Comet Stages Show Sunset On The Western Horizon

Roundup reader Ronald Peterson captured this image of Comet Panstarrs Tuesday night along Highway 260 on the way to Camp Verde.

Roundup reader Ronald Peterson captured this image of Comet Panstarrs Tuesday night along Highway 260 on the way to Camp Verde.

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If you miss the comet Panstarrs in the next few nights between 7 and 7:45 p.m. just above the western horizon, you’ll have to wait a bit for another chance.

Let’s say, 110,000 years.

Fortunately, it’s not yet too late — although the enigmatic ball of ice is fading fast as it pulls away from Earth at vast speeds, according to astronomer Padraig Houlahan, assistant administrator at the Lowell Observatory in Flagstaff.

Several Roundup readers sent in images of the comet taken on Tuesday off Highway 260 where they had a clear view all the way to the horizon directly to the west. The comet will remain visible to the naked eye for the next few nights, although astronomers recommend taking along binoculars to get a good view.

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Bruce Rasch photo

Bruce Rasch took this picture of Comet Panstarrs with a 250 mm lens Tuesday looking west just off Doll Baby Road.

Look one or two palm widths above the horizon directly west starting at about 7 p.m. By 7:45 p.m., the comet will have slipped below the horizon. A line or trees or even a modest nearby hill will likely block a view of the comet in the narrow window between when it gets dark enough to see it and when it passes below the horizon, said Houlahan.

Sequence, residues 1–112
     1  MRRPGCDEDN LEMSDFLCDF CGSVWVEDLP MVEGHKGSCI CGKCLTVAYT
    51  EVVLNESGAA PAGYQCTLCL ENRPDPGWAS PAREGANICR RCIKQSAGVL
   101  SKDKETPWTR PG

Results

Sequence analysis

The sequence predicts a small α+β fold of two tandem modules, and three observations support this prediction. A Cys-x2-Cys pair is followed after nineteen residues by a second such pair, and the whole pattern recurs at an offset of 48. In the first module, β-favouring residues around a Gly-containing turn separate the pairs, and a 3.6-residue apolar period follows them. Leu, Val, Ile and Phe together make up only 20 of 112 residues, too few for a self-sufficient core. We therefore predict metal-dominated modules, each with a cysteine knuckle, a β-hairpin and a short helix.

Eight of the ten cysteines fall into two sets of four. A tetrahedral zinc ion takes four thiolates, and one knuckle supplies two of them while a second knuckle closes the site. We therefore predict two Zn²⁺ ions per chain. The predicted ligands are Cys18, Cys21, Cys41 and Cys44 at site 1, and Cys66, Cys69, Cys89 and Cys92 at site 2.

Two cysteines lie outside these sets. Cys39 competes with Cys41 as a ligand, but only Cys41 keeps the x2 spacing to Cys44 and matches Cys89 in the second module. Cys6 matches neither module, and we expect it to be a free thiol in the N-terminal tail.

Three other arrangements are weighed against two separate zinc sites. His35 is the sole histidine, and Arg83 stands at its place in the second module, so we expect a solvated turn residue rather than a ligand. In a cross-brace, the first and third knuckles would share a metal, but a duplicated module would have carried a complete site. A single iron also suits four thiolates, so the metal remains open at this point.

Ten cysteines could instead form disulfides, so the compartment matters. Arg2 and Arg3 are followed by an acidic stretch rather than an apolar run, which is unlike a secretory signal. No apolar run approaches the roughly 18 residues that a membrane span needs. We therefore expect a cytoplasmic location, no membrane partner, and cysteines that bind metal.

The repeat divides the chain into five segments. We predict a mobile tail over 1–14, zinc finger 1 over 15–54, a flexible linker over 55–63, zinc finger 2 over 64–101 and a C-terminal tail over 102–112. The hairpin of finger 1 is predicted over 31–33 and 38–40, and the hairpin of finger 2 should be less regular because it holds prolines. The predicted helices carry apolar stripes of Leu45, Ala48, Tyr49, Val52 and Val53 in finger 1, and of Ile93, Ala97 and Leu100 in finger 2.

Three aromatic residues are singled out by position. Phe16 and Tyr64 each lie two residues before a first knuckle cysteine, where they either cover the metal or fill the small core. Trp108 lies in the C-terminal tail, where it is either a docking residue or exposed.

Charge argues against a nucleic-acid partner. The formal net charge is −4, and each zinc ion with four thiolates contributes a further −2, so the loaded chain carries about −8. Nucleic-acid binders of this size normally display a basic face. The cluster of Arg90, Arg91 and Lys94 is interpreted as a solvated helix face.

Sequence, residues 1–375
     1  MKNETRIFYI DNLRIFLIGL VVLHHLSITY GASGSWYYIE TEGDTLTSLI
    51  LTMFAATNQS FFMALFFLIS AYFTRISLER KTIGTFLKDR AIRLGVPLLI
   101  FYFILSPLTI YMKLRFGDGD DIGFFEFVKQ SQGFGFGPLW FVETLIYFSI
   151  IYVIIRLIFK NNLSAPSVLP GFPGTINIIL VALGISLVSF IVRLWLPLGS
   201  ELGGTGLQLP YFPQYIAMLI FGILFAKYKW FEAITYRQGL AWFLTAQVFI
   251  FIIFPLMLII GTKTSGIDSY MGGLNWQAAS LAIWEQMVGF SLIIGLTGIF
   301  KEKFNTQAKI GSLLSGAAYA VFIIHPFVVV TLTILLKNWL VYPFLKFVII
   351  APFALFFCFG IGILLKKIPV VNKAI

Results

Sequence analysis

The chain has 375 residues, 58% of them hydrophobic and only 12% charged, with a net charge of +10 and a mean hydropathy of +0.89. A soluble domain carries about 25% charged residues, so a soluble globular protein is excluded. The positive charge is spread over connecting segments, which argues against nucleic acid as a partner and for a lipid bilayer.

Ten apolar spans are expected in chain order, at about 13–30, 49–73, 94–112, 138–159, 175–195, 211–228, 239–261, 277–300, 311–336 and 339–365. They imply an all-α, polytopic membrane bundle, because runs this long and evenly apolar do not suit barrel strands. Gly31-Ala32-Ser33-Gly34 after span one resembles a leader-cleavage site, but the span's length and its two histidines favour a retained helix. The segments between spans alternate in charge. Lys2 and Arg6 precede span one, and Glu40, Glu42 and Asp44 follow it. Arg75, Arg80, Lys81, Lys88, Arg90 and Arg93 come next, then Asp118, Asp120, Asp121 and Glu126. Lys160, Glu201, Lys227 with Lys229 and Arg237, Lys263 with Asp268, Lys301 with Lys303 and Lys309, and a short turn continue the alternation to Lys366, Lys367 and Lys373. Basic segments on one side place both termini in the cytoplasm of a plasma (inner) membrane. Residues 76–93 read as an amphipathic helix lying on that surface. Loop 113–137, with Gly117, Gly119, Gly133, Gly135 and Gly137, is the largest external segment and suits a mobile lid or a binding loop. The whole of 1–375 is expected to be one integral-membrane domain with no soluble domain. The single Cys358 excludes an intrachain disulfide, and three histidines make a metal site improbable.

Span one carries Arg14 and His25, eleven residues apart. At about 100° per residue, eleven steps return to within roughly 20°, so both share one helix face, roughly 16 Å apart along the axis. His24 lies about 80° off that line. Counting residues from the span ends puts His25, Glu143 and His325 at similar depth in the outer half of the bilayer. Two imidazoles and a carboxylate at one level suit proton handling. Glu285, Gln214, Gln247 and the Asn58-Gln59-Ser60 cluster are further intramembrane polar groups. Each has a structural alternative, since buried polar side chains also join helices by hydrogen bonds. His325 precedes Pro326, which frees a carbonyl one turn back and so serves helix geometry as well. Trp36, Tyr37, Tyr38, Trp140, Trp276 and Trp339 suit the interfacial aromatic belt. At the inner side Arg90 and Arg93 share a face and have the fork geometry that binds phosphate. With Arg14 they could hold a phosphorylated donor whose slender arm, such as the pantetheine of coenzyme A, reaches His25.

Astronomers think that comets are anywhere from about 100 yards to 30 miles across and composed mostly of ices. They’re actually covered with a dry, dark crust — most likely as black as tar. However, jets of gas blast through that surface as they approach the sun and enter the solar wind of ionized particles. The blast of solar ions drives the jets, which spew out a bright, reflective halo of particles and a 100 million-mile-long tail.

Astronomers, who discovered the comet in 2011, say that Panstarrs has a bright “coma” 75,000 miles wide.

Most comets come from a vast cloud of material left over from the formation of the solar system orbiting the sun half-way to the nearest star or another field of debris beyond the orbit of Neptune. Comets also have a rich variety of organic compounds — the stuff of life. Those compounds include methanol, hydrogen cyanide, formaldehyde, ethanol, ethane. Evidence suggests comets also harbor some of the chemicals that form the DNA genetic blueprints of all living things, including adenine and guanine.

Some astronomers speculate that a rain of comets early in the formation of the solar system might have seeded the Earth with both water and the organic compounds needed for life.

This could be Panstarr’s first

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